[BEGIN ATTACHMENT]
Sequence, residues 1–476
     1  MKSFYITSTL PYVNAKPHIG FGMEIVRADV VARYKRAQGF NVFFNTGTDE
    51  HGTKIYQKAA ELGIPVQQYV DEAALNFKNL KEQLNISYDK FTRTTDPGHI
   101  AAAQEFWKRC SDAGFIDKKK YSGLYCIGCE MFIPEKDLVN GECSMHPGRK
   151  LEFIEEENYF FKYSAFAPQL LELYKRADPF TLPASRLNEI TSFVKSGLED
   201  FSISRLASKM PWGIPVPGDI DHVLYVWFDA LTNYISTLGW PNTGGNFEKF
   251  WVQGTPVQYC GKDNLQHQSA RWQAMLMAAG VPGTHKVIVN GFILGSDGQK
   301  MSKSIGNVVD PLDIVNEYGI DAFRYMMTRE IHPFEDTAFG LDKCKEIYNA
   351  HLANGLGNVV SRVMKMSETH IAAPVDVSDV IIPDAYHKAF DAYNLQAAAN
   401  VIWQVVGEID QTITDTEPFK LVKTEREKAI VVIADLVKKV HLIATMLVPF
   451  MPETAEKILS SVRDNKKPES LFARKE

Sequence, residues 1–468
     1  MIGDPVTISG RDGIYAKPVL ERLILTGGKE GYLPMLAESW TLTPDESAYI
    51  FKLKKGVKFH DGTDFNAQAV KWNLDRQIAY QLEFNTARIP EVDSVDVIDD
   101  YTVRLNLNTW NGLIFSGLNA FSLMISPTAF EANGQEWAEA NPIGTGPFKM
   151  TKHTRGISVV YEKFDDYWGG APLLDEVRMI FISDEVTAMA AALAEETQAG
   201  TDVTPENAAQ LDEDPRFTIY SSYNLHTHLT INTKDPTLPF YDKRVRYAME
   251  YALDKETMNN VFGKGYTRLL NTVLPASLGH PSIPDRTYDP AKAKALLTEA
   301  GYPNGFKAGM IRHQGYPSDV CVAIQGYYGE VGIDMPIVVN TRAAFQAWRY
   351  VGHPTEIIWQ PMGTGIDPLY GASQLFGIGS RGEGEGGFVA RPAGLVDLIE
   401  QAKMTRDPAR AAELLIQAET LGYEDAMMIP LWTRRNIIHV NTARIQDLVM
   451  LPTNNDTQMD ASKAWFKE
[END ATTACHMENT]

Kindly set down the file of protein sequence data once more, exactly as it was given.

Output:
Sequence, residues 1–476
     1  MKSFYITSTL PYVNAKPHIG FGMEIVRADV VARYKRAQGF NVFFNTGTDE
    51  HGTKIYQKAA ELGIPVQQYV DEAALNFKNL KEQLNISYDK FTRTTDPGHI
   101  AAAQEFWKRC SDAGFIDKKK YSGLYCIGCE MFIPEKDLVN GECSMHPGRK
   151  LEFIEEENYF FKYSAFAPQL LELYKRADPF TLPASRLNEI TSFVKSGLED
   201  FSISRLASKM PWGIPVPGDI DHVLYVWFDA LTNYISTLGW PNTGGNFEKF
   251  WVQGTPVQYC GKDNLQHQSA RWQAMLMAAG VPGTHKVIVN GFILGSDGQK
   301  MSKSIGNVVD PLDIVNEYGI DAFRYMMTRE IHPFEDTAFG LDKCKEIYNA
   351  HLANGLGNVV SRVMKMSETH IAAPVDVSDV IIPDAYHKAF DAYNLQAAAN
   401  VIWQVVGEID QTITDTEPFK LVKTEREKAI VVIADLVKKV HLIATMLVPF
   451  MPETAEKILS SVRDNKKPES LFARKE

Sequence, residues 1–468
     1  MIGDPVTISG RDGIYAKPVL ERLILTGGKE GYLPMLAESW TLTPDESAYI
    51  FKLKKGVKFH DGTDFNAQAV KWNLDRQIAY QLEFNTARIP EVDSVDVIDD
   101  YTVRLNLNTW NGLIFSGLNA FSLMISPTAF EANGQEWAEA NPIGTGPFKM
   151  TKHTRGISVV YEKFDDYWGG APLLDEVRMI FISDEVTAMA AALAEETQAG
   201  TDVTPENAAQ LDEDPRFTIY SSYNLHTHLT INTKDPTLPF YDKRVRYAME
   251  YALDKETMNN VFGKGYTRLL NTVLPASLGH PSIPDRTYDP AKAKALLTEA
   301  GYPNGFKAGM IRHQGYPSDV CVAIQGYYGE VGIDMPIVVN TRAAFQAWRY
   351  VGHPTEIIWQ PMGTGIDPLY GASQLFGIGS RGEGEGGFVA RPAGLVDLIE
   401  QAKMTRDPAR AAELLIQAET LGYEDAMMIP LWTRRNIIHV NTARIQDLVM
   451  LPTNNDTQMD ASKAWFKE